A product release is the launch of a new product or a combination of features that will provide value to customers or users. Digging deeper, a release is much more to both your customers and internal teams. For your customers, it's a promise of new value they can look forward to embedding in their everyday work and activities. For your internal teams, a release helps them plan their work and when they'll be needed to launch great products.
When we talk about releases, teams often confuse the roll-out of new features (a deployment) with the total customer experience. A release is not just the act of providing access to new technical functionality. Instead, think of a release as the date when the company is ready to deliver a new customer experience and support every customer interaction point associated with it.
Releases should take into account all the additional work that must be accomplished, such as updating the public website and training the customer support team. While the supporting teams (like development) may define a release through their lens of deploying code into production through a series of sprints, the product owner incorporates this perspective (and those of teams and customers) into a complete delivery.
In agile development, you may feel that there is no need to plan actual releases — and some may consider the term "release planning" obsolete in an agile world. But the value of releases is methodology-agnostic. Releases define your themed product journey, and represent major launch milestones for that overall journey.
You may choose to call it a "launch," an increment, or some other name. Regardless, it is still a new offering your customers will anticipate and ultimately expect. In addition, your internal supporting teams must accommodate the plan in their schedule if they are to assist your efforts.
A release — and the plan to get there — provide your customers a vision into the journey they'll be taking with your product. The release and its place in the journey also provide your teams valuable information on when they may need to engage on a dependency or market a new innovation (as just a few examples). In an agile world, the actual dates of engagement may have less precision as far as committed targets. However, a general delivery plan - even in an agile framework - will continue to establish trust and expectation in your product with your customers and teams.
A release management process may likely mean different things to a product management team and a development team. Both perspectives are strongly incorporated into a dependable release management process. A release management process incorporates all of the following:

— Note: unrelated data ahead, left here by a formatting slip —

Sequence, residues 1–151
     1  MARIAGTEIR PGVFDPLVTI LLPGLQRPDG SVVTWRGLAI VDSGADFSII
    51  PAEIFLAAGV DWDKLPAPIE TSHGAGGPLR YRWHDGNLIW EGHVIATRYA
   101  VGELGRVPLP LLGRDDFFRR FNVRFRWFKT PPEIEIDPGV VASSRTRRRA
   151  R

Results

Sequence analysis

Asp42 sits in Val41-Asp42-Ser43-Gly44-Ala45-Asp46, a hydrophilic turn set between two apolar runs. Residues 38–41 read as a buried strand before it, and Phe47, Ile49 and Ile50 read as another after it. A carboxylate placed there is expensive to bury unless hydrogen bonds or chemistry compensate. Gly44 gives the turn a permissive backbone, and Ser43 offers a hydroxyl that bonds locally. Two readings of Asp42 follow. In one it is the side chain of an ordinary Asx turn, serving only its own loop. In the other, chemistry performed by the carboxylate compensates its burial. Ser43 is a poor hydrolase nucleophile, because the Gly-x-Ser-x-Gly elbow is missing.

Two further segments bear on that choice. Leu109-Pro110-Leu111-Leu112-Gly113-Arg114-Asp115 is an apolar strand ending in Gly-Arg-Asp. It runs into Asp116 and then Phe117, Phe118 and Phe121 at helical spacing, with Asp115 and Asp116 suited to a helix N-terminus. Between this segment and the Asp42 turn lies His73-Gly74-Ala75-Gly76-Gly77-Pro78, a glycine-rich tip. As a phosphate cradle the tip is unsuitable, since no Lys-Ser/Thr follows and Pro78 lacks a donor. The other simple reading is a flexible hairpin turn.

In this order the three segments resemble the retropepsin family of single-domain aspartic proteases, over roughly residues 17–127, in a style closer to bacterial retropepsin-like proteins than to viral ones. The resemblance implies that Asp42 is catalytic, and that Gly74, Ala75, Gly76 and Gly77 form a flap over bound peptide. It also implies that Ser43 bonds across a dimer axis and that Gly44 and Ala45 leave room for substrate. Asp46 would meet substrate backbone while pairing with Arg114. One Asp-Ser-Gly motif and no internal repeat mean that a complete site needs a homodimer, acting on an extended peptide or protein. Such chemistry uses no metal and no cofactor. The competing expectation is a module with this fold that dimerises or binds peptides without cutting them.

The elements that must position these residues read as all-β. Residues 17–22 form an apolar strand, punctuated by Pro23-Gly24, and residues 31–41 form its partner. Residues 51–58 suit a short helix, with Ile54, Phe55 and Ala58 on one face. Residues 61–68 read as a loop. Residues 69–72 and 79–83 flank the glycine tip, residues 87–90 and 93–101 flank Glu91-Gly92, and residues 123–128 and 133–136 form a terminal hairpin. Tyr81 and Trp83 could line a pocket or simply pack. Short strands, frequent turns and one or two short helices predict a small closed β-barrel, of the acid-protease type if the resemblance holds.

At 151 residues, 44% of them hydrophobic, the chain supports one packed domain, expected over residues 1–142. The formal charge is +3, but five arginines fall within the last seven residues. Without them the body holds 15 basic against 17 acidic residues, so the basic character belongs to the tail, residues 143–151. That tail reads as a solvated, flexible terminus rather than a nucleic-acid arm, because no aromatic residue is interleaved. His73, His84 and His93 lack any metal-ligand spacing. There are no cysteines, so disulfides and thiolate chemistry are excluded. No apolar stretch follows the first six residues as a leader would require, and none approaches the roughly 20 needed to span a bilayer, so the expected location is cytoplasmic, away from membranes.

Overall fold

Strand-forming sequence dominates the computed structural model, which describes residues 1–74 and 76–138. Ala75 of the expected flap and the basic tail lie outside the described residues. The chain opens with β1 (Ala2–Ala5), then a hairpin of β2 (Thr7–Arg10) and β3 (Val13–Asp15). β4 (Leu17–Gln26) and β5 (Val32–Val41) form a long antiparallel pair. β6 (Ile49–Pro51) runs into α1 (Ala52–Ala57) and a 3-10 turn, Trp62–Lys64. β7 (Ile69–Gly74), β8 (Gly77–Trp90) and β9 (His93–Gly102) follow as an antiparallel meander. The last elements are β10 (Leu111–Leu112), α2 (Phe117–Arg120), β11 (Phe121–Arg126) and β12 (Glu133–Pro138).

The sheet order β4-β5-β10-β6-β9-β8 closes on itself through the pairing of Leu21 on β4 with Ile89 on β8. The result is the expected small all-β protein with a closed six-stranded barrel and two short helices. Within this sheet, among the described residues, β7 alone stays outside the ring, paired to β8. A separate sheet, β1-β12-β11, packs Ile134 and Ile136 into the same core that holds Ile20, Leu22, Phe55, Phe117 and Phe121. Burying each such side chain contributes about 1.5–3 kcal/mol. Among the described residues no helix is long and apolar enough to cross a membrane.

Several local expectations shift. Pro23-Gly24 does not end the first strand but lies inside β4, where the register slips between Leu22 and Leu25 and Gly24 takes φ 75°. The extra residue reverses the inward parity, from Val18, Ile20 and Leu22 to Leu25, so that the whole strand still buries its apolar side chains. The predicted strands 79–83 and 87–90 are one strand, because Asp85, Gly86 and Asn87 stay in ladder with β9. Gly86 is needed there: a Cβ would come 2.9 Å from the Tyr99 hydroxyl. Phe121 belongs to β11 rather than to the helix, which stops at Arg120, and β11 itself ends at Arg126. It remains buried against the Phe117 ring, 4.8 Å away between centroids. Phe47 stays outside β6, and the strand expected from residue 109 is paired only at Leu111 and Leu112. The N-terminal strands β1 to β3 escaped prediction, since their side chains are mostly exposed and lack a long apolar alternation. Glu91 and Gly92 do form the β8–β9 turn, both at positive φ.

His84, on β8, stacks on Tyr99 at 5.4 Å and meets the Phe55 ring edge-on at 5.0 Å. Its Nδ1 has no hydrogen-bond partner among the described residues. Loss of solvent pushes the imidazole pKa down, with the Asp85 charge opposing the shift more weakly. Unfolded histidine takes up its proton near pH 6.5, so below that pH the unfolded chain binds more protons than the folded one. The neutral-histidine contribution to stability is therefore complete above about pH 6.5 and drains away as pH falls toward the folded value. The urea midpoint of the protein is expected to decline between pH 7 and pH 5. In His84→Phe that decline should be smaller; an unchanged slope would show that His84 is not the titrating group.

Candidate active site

An initial release plan takes into account the team's velocity on the previous release (or general capacity to deliver) and the feature prioritization to create a general scope, sequencing, and timeline for the release. During release planning, a general expectation on the number of sprints or iterations to deliver the scope is achieved. The accuracy of this expectation and plan depends on whether the team's capacity is well-known as well as the level of detail (or grooming) the scope has been through during estimation. This general plan will also provide expectations of major product changes (or dependencies) for products that may depend on your roadmap or platform.
Plans will be revisited after each iteration. For this reason, a tracking of an external release target (with quarterly, monthly, or other precision) can be helpful. It will still set the expectation and trust with your customers, but can be refined by you as the plan progresses.
Product managers know best how to deliver their product successfully — and that includes a series of non-development tasks of engagement with supporting teams to complete items like documentation, sales training, or marketing campaigns. As a product manager, establishing a launch or release template will enable you to create a "gold standard" for major delivery. Use this template to engage your greater team, who may be supporting multiple products in the portfolio only when needed. A standard for launch also sets expectation for when these teams will be needed internally.
Establish standardized status at both the release and feature level to indicate overall health of the plan. Status provides an "Are we good?" pulse point that can be key to seeing around corners and proactive risk mitigation. A release status will enable communication to your internal stakeholders, while feature status workflows enable granular visibility into the readiness of the feature and its current status with respect to development, staging, or QA environments.
Regardless of whether your release plan is executed in sprints or via more waterfall methodologies, regular check-ins and adjustments to plan are necessary. Use your sprint closure to adjust plans as needed, or schedule regular reviews to ensure plans are on track.